UK’s audit watchdog calls on top accounting firms to boost measures against exam cheating
The UK’s accounting watchdog has called on Britain’s seven largest auditors to improve the measures they have in place to prevent cheating on exams, following a series of international cheating scandals involving the world’s biggest audit firms.
In a letter seen by City A.M., the UK’s Financial Reporting Council (FRC) called on the country’s top seven audit firms and major accounting sector professional bodies to “improve the controls and processes they have in place” to identify and eradicate exam cheating.
The letter comes after the FRC in July wrote to the UK’s ‘Tier 1’ auditors – EY, KPMG, PwC, Deloitte, BDO, Grant Thornton, and Mazars – calling on them to outline the measures they have in place to identify and prevent cheating on exams.
In the letter published today, the FRC said its July review had uncovered “instances of cheating” at Tier 1 audit firms, including at KPMG’s UK business, but said the information that has been provided to it to date has not revealed “systemic issues related to cheating at firms.”
The FRC noted that its review had been prompted by “recent regulatory sanctions imposed on audit firms around the world,” including the US Securities and Exchanges Commission’s (SEC’s) $100m fine against EY in June over a years’ long ethics exam cheating scandal.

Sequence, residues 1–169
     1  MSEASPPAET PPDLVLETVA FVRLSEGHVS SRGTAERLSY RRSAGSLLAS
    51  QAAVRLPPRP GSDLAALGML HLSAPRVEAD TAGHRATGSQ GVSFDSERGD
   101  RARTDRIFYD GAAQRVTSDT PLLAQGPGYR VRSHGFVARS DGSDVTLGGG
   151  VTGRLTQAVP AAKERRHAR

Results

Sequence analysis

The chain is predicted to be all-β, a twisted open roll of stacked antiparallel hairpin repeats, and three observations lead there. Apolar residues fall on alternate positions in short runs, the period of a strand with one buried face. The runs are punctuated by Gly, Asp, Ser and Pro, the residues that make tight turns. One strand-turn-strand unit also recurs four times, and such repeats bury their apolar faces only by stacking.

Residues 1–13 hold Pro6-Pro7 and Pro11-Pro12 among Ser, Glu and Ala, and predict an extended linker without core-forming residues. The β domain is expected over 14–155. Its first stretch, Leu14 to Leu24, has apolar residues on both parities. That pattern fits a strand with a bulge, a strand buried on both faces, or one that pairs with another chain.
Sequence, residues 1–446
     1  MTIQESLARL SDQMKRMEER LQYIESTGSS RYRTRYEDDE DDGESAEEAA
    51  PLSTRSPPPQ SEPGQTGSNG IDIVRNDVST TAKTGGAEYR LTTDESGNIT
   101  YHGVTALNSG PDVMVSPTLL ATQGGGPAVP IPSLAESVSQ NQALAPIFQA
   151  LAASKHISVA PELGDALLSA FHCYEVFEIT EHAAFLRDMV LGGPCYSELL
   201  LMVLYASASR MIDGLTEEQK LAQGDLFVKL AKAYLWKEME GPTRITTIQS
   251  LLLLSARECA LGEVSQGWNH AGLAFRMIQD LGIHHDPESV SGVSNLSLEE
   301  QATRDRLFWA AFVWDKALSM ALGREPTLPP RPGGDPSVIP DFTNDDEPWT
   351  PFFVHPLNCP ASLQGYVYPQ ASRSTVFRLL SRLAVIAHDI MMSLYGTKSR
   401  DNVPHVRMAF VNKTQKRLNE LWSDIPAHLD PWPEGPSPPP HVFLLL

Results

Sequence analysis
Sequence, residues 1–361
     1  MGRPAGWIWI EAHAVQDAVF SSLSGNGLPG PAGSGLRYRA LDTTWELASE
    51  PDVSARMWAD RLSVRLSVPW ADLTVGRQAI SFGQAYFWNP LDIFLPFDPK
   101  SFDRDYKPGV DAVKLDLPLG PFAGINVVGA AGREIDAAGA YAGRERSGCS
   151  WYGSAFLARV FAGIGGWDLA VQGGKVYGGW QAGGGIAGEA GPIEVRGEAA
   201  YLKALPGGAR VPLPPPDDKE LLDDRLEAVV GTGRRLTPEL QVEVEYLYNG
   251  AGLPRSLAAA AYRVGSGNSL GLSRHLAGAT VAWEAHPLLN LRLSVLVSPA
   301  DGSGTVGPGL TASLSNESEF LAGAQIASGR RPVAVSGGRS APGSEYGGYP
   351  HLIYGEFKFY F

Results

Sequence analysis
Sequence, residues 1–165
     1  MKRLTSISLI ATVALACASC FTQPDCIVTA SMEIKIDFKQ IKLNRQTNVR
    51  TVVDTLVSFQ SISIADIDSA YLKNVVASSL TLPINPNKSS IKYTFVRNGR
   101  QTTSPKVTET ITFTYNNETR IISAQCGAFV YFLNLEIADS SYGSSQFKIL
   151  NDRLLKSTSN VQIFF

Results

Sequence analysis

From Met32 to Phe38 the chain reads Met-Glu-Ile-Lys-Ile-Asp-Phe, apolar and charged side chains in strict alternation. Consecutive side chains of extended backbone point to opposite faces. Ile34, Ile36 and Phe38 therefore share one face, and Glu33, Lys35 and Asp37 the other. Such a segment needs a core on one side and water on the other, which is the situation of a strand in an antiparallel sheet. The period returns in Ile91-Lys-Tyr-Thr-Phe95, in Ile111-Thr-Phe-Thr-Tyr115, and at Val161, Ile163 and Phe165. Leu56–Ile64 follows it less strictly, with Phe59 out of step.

In February, US and Canadian regulators also fined PwC a combined sum of £670,000 over its failure to prevent a cheating scandal involving more than 1,200 of its employees.
More recently, KPMG was fined $7.7m by America’s accounting watchdog over various offences, including the UK cheating scandal identified by the FRC, and a Colombian cheating scandal.
In its letter, the FRC said: “The importance of identifying and eradicating cheating and of holding those involved in it to account is clear. The profession therefore needs to be vigilant and to seek to continually improve the processes and controls in place in this area.”
“The profession must also strive to maintain a culture of integrity in which the highest standards of professional behaviour are upheld. The FRC will continue to act to hold firms to account for any shortcomings that might be identified.